COVID-19: What’s the Long-Term Impact of Moratoriums on Apartment Evictions?
On Sunday, the National Multifamily Housing Council endorsed a number of unprecedented measures in response to the COVID-19 crisis. Among them is a 90-day moratorium on most evictions, meaning apartment owners and managers effectively stripped themselves the ability to remove residents delinquent on rent. The move comes after a wave of local and state governments across the country put similar bans in place.
The NMHC measure is non-binding, but comes with the backing of big apartment players commendably taking steps to protect renters at great expense to themselves. It’s also a measure of self-defense, as some policymakers and activists are loudly attacking “landlords” they’ve recklessly painted as universally greedy and heartless. The truth is the “Good Guys” far outnumber the “Bad Guys” in this industry. Apartment owners and managers are taking it upon themselves to share responsibility in protecting the most vulnerable households. In addition to the eviction moratorium, NMHC also endorsed other measures, most notably a temporary rent freeze – an equally unprecedented restraint for a business where rent growth offsets operational cost increases.
The goals behind an eviction moratorium are laudable. Evictions require in-person activity such as court proceedings and on-site evictions where the virus could spread. The ban also prevents an increase in homelessness and protects renters who lose their jobs or get sick.
And let’s also be clear on this: Nothing is more important than saving lives and beating COVID-19. Businesses everywhere are sacrificing for the public good, and those struggles can’t compare to those of families watching loved ones fight for their lives. This is comparatively unimportant.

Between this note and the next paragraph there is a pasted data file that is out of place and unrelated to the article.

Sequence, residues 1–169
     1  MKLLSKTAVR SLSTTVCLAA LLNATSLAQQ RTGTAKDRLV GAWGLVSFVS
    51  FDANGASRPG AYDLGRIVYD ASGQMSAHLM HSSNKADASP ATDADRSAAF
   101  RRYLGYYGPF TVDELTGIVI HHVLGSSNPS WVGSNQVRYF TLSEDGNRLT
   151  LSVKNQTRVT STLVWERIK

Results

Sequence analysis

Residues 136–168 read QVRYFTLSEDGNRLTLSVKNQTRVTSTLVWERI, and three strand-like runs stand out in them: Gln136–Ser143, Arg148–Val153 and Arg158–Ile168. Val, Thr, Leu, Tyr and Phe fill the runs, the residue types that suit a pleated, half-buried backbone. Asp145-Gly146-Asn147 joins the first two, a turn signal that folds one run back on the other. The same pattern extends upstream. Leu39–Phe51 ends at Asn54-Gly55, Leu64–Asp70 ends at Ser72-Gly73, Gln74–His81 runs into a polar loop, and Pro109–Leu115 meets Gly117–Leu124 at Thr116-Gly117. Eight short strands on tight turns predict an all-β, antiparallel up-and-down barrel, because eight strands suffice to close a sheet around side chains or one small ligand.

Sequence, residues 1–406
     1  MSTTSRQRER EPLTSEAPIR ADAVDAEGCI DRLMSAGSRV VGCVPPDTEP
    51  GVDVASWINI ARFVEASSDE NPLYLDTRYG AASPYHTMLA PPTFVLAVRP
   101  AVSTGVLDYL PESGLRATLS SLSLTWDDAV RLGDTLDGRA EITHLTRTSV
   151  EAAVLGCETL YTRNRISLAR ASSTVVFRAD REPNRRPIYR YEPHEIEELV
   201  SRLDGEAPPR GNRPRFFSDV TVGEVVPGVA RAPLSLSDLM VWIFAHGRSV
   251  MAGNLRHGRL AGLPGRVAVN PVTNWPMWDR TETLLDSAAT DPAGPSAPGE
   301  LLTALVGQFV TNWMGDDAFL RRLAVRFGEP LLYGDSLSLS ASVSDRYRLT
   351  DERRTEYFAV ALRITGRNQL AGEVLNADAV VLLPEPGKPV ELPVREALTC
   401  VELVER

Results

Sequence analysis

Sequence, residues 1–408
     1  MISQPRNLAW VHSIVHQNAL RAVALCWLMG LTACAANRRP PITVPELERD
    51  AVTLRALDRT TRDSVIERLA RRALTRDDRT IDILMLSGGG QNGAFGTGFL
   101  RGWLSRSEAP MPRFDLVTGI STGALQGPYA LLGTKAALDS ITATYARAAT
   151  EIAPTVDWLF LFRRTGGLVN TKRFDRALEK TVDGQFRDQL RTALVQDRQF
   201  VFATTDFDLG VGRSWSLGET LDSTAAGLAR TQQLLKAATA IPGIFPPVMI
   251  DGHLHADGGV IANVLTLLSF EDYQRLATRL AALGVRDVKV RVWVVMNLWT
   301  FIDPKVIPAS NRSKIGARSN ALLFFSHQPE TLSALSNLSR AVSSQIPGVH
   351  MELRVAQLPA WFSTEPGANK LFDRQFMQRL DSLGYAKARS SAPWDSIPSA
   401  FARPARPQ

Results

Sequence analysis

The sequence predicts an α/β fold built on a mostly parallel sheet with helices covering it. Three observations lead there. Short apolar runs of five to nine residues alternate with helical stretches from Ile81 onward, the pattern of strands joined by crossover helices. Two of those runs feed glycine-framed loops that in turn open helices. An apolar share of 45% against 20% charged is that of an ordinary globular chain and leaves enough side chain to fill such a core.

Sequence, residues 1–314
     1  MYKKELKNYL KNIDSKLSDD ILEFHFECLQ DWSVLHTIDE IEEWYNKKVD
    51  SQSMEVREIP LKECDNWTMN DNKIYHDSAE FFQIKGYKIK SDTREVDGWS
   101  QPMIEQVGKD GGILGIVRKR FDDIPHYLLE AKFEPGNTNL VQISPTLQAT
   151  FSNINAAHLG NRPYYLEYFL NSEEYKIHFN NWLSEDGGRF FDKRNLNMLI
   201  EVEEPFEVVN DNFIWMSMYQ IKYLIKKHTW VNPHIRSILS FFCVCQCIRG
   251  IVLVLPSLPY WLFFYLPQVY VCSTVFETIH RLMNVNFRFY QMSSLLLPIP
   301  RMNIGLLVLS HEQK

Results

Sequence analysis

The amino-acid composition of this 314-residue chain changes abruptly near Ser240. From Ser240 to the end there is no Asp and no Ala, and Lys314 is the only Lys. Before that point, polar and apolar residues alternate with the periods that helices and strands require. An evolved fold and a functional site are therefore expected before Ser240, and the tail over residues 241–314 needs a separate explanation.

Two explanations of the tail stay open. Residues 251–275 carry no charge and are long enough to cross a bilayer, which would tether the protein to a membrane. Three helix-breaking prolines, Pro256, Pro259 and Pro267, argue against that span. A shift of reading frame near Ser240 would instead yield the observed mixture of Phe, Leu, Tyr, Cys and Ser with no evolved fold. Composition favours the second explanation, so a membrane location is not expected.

But eviction moratoriums also raise very difficult questions without clear answers, and the potential implications are far-reaching – and could even further damage the economy. Even as we prioritize the public good, each business has a responsibility to consider everyone who depends on them. The U.S. apartment business supports 17.5 million jobs, most of which are middle- and lower-income roles like leasing agents, maintenance workers, accountants and others.
Who ends up taking responsibility for the unpaid rent needed to support all those families?
How are property owners protected against renters fully capable of paying their rent, but who refuse to? Leasing fraud is already a growing and increasingly sophisticated problem, and in this case, no sophistication is required.
What happens after the moratoriums end? As the economy sinks deeper into a recession, many delinquent renters will still be delinquent after COVID-19 tapers off. Policymakers would likely face pressure to extend eviction moratoriums – and the odds of that occurring appear to be rising by the day. The U.S. Department of Housing and Urban Development banned evictions on HUD-owned properties for 60 days, and activists immediately complained the federal government didn’t go far enough. And even more troublesome, some are pushing measures that could suspend rent payments altogether.
Make no mistake: Leniency amidst a backdrop of health and economic concerns is the right thing to do. The NMHC board, its member organizations and its president, Doug Bibby, deserve credit for stepping up. At the same time, all would agree this is a short-term fix for a problem that could persist long term.